So far, her Red Brigade units have beaten up four unrepentant suspected molesters, responding to complaints from victims.
After receiving the sandal treatment, one offender ran away promising never to trouble the girl again. The parents of another man thanked the brigade for their actions.
The girl the latter had abused is now one of her Red Brigade fighters - Laxmi, 16, a slight schoolgirl with a long ponytail. "Some boys had started making comments to me, sexual comments, and touched me, I was very scared," she said. Later, she slapped her assailant, and is now convinced martial arts are the answer for India's girls.
Their willingness to resort to physical force is controversial among India's feminists who, while admiring their bravery, fear it will undermine their fight for better enforcement of equality laws.
The causes of a surge in reported rapes throughout India are under debate. Some blame the migration of poor labourers with traditional attitudes to the cities, where girls and women are especially vulnerable in slums.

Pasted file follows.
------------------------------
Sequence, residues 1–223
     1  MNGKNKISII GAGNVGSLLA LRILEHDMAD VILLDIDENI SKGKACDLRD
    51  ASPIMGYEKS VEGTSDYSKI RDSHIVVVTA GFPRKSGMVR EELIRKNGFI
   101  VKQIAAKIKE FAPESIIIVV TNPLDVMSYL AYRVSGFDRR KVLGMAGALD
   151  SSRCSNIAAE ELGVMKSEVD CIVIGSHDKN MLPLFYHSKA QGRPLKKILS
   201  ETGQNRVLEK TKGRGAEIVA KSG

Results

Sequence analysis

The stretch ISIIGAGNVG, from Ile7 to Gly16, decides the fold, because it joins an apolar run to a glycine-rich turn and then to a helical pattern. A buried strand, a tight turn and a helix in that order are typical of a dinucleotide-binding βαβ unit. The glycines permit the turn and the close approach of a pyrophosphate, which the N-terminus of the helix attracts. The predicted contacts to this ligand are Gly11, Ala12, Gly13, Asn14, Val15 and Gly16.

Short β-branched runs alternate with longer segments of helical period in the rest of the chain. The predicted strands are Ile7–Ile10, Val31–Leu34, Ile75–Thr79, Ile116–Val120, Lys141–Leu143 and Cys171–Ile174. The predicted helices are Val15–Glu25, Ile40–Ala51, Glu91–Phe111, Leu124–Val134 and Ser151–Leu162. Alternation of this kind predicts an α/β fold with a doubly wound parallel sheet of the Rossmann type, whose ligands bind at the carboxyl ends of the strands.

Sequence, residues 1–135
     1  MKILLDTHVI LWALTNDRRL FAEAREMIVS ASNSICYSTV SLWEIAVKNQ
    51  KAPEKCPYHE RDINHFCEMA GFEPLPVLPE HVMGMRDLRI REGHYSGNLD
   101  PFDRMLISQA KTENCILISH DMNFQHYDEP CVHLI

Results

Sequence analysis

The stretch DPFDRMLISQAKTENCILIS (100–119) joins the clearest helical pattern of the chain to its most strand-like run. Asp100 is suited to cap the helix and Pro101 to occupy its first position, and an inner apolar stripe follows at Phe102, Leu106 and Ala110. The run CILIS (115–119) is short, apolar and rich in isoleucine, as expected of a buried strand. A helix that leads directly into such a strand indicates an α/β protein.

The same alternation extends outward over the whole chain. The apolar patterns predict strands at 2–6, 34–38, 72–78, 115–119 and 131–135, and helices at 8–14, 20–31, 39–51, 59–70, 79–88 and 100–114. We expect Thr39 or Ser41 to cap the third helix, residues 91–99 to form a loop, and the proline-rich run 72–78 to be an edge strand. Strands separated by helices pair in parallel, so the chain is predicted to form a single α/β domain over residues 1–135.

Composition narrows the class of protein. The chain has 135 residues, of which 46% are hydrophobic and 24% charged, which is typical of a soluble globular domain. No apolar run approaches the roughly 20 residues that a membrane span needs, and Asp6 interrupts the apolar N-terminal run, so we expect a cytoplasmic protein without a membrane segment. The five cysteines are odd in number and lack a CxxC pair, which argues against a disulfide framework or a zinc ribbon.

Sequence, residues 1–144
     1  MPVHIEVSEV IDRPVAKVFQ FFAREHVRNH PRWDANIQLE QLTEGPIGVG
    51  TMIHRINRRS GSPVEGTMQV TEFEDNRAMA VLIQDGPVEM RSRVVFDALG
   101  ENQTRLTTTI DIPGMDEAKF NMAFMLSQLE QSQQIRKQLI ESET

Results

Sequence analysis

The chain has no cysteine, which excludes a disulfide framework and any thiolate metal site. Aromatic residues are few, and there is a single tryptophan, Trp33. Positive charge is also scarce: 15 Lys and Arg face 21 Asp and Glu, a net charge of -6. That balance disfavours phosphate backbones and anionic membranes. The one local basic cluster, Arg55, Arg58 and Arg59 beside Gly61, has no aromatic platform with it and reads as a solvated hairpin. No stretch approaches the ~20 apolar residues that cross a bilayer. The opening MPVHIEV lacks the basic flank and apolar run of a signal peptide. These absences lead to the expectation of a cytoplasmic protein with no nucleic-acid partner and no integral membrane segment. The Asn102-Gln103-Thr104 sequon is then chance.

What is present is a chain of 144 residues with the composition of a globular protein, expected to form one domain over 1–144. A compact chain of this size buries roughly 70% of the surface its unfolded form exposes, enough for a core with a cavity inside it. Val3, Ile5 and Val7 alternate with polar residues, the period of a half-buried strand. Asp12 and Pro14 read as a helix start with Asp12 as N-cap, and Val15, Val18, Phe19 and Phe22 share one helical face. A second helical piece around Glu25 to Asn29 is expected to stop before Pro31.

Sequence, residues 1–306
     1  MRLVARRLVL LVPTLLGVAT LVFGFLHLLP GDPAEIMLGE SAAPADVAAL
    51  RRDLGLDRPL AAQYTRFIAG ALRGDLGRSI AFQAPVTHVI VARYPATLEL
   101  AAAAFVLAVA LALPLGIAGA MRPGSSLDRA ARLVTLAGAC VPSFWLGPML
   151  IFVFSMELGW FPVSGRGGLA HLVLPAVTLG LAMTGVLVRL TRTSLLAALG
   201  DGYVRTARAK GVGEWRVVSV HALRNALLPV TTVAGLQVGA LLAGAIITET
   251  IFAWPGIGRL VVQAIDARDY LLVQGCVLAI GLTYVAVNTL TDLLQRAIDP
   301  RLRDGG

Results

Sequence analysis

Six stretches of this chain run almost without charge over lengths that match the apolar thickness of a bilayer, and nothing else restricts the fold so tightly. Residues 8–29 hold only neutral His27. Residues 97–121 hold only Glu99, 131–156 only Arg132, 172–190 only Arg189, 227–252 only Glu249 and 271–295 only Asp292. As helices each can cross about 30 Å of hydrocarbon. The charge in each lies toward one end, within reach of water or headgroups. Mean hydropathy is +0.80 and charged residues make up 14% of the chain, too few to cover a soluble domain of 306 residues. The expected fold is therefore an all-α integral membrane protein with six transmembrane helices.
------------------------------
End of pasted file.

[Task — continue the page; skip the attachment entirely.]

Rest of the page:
Usha Vishwakarma said one of the biggest challenges is that most Indian women want to get married and settle rather than fight for their rights.
"The psychology of Indian men is to use women for their own service. They want to make them like a servant. That's why these incidents are happening," she said.
• 463 - Rapes reported in the Indian capital, New Delhi, this year, more than double those in the same period last year.
• 24,000 - Rapes reported in 2011, more than 2,000 committed in Uttar Pradesh.